"Uh-huh." I just stood and looked at him. I considered, briefly, that, had I been the sort to do such things (which I certainly wasn't) and had I been ten years younger and living in Taft as a teenager, I'd likely have trash-canned this guy in high school. Then I went back to alternating between indifference and mild annoyance. Sure, he was a cop, and he was armed, and he apparently felt that he should behave like a Jim-Crow era southern policeman out to bust up an outsider (and probably a "college boy" at that!)...but I just couldn't take this guy seriously. I don't know if it was his appearance, his chewing tobacco, the fact that he kept rubbing his tazer in a manner that bordered on the obscene, or what...but this guy was his own punchline, a self-telling human joke, and I just couldn't find it in myself to feel the least bit threatened by him.

"So, do you live in Taft?"

"No. I'm here for work." Taft, being an oil town, is always host to gangs of out-of-towners here for work. This had been the case for over eight decades. Whatever trajectory this guy's career would take, it was clear that he'd never become a detective.

"I see. Where are you staying?"

"The Holland Inn."

He gestured to my hotel, "Over there?"

"Yes, that is the Holland Inn."

He looked at the hotel, then looked at me, and then looked at the hotel again, and then back at me. "You know, drug dealers sometimes stay in that hotel."

"Is that so?" I feigned interest. Of course, I already knew the answer. Taft, again, is an oil town, routinely filled with itinerant workers. It is also a town where you are either a part of the very small number of affluent people who have done well in the oil business, or you are living in poverty. It's also a very small town with literally nothing for the youth to do, I mean, the kids there go to Bakersfield of all places when they are looking for excitement. In other words, there is not a single hotel in the entire town of Taft in which drug dealers don't stay and do brisk business.

"Yep, drug dealers like to go there." He eyed me again. "I go in there every now and again and root them out."

"Well, then I feel safer staying there." My mind filled with an image of this guy attempting to root out violent drug cartel sorts, and the film that played in my brain invariably ended with him finding some way of shocking himself with his own tazer. With this, I became more amused than annoyed or indifferent. What was this guy's deal? You have a tall, decently dressed man, who has clearly just gone for a snack to the only place in town to get one, and you decide to stop the guy for no real reason and go just short of accusing him of drug dealing. Did this guy have something against tall people? Probably. Maybe he had some strong evidence that an army of Swedes would soon be pouring cocaine into the streets of his beloved town, and to stop this scourge he had decided to stop and pester every tall blond he saw in the hopes of letting the evil-doers know that he was on the job. He wanted to let the Norse pushers know that Taft would not fall, not on his watch.

Or maybe he was just an idiot with delusions of authority.

On reflection, the latter option seems the most likely.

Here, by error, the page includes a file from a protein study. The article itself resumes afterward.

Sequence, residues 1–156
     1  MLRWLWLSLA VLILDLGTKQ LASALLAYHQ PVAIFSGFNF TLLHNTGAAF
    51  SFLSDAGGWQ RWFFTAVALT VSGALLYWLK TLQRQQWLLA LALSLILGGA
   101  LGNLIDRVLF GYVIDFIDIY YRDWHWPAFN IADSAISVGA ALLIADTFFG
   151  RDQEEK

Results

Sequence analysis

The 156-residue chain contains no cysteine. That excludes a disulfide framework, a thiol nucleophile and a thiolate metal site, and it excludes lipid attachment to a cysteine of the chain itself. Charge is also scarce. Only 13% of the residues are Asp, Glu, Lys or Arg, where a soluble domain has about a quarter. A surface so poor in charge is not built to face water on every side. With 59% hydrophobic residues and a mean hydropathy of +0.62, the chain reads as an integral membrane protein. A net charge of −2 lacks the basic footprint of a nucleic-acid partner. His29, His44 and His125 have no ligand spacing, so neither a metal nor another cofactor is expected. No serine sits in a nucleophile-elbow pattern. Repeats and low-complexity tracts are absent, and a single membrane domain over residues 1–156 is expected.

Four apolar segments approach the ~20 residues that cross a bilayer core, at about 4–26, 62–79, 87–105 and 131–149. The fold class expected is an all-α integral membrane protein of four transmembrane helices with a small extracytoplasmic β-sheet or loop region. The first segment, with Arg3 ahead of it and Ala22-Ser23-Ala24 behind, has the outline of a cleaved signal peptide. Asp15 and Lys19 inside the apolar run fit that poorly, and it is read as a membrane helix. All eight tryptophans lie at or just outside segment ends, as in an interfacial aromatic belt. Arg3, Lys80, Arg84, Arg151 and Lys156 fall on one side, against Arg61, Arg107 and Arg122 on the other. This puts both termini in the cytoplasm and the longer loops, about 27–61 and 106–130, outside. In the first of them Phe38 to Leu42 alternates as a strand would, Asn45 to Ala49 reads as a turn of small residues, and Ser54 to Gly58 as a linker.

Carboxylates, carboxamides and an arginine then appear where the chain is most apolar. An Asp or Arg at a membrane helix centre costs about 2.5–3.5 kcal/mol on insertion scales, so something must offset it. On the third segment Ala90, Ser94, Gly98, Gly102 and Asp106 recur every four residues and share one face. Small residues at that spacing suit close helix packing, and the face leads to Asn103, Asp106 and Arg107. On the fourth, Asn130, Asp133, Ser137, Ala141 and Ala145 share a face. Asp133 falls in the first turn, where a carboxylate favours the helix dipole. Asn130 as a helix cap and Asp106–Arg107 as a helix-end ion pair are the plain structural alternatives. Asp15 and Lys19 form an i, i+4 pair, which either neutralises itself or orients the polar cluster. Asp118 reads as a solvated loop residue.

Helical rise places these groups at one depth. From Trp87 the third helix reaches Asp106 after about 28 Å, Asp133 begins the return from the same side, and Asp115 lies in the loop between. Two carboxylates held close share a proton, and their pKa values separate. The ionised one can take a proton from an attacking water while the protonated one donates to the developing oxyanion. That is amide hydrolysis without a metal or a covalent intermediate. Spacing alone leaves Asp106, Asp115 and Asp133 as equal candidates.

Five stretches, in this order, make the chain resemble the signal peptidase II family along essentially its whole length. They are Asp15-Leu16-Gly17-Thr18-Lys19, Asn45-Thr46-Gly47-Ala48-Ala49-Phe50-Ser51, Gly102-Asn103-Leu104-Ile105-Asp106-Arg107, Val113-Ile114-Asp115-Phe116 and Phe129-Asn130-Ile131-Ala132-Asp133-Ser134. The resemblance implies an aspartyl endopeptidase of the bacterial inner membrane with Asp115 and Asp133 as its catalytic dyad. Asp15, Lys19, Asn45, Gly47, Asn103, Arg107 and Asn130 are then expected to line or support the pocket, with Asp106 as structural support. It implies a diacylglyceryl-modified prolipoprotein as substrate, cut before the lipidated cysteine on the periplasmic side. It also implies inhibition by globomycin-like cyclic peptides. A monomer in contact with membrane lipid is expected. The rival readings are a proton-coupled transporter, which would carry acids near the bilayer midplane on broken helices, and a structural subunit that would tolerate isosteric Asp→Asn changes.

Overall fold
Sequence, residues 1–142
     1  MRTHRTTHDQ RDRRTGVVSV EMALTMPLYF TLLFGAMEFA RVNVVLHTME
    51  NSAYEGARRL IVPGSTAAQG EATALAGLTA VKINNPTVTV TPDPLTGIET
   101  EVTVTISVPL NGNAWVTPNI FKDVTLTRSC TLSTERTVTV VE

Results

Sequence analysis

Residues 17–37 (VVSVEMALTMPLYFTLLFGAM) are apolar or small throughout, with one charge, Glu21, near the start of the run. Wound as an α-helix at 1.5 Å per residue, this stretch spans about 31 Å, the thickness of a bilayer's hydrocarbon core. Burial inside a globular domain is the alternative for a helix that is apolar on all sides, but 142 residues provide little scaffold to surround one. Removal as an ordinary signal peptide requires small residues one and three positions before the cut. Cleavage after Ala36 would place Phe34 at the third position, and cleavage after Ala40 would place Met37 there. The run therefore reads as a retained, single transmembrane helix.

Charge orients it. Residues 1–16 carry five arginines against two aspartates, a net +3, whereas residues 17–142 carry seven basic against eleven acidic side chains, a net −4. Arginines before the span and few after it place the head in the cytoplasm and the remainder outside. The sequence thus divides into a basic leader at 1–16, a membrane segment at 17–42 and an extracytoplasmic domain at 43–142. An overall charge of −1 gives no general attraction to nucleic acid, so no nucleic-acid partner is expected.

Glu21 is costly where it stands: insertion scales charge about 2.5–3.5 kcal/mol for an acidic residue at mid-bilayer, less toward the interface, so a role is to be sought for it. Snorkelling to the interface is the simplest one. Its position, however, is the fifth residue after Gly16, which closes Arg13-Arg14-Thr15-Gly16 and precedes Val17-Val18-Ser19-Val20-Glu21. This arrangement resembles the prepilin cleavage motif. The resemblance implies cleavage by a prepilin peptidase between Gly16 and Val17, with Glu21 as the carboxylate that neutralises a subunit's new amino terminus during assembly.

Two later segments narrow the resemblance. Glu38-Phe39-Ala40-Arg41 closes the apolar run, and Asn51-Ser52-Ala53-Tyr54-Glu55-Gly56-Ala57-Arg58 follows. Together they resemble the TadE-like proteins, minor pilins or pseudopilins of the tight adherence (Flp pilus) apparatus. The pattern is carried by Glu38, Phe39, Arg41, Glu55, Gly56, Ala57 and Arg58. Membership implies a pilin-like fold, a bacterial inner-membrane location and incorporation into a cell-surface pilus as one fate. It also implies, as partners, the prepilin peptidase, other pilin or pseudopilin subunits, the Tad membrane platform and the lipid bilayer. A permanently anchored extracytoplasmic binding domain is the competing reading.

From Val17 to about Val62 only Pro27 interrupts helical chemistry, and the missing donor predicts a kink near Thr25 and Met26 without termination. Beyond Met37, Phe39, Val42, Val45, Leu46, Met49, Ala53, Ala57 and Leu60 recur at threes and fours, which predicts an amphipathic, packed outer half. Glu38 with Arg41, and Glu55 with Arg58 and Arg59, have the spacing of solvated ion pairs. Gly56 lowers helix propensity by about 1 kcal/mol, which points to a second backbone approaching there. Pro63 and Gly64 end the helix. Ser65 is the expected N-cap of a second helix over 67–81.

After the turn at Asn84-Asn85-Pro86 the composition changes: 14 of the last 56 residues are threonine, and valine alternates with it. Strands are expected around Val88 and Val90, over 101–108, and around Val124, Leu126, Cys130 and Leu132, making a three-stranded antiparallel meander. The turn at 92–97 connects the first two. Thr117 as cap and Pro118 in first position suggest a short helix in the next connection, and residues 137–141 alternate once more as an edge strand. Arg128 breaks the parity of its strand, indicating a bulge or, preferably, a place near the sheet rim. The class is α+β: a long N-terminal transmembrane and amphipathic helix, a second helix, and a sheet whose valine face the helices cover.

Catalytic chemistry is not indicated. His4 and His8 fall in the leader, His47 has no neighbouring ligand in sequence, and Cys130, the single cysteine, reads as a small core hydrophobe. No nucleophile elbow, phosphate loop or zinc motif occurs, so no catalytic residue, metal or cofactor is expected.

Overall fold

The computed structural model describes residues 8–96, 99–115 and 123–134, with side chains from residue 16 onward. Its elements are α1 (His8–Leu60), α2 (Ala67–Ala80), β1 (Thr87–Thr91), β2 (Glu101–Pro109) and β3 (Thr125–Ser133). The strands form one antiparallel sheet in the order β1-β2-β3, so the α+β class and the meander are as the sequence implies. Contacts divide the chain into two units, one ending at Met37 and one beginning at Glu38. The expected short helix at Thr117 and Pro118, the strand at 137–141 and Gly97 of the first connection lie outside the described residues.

"Are you here with the geophysical crew?"

I confirmed that, indeed, I was. He asked if I knew a few specific people, and I confirmed that I did. He walked back to his car, and spoke on the radio for a couple of minutes. I had to fight the urge to ask him if he was speaking with Andy, and whether he could have Aunt Bea send over a plate of fried chicken.

"Okay" he said, sticking his head up over the car to look at me (and probably standing on the tips of his toes to do so) "you can go."

As if there was ever a doubt. I'm cleaner than a nun. I don't even smoke or drink. Hell, I don't even use prescription drugs other than Nasonex. I really feel sorry for the cop who ever decides to bring me in on suspicion of drug use or dealing. That is a man who is doomed to a future of crossing guard duty.

And with that, he got in the car and drove off.

And understand, I don't have a problem with police as a general rule. Yes, there are people who are attracted to police work for all of the wrong reasons. But most of my own interactions with law enforcement have been good, I have almost always been treated well, and all but three of the cops who I have met over the years have been professional, disciplined, and intelligent people. But, apparently, the City of Taft had decided to recruit not from any of California's many fine police academies, but rather from the Ringling Brother's Clown College. And more's the pity.

*Yes, I know, there are alot of Taft stories, but I did live there for seven months and it is quite possibly one of the most absurd cities in North America, so what are ya' gonna' do?

Saturday, June 19, 2010

Eating in the Crypt

From time to time, I enjoy playing a mental game with myself. I like to ponder my material surroundings and wonder what archaeologists of the future might make of it if all that they had was the material goods and not the written records (hey, I'm a prehistoric archaeologist by training, I like to ponder without the benefit of written records). Most of the time, it looks like the basic purpose of a given place or item would be pretty clear. However, sometimes I realize that the nature of a given item or location would probably mislead a future archaeologist in a weird direction.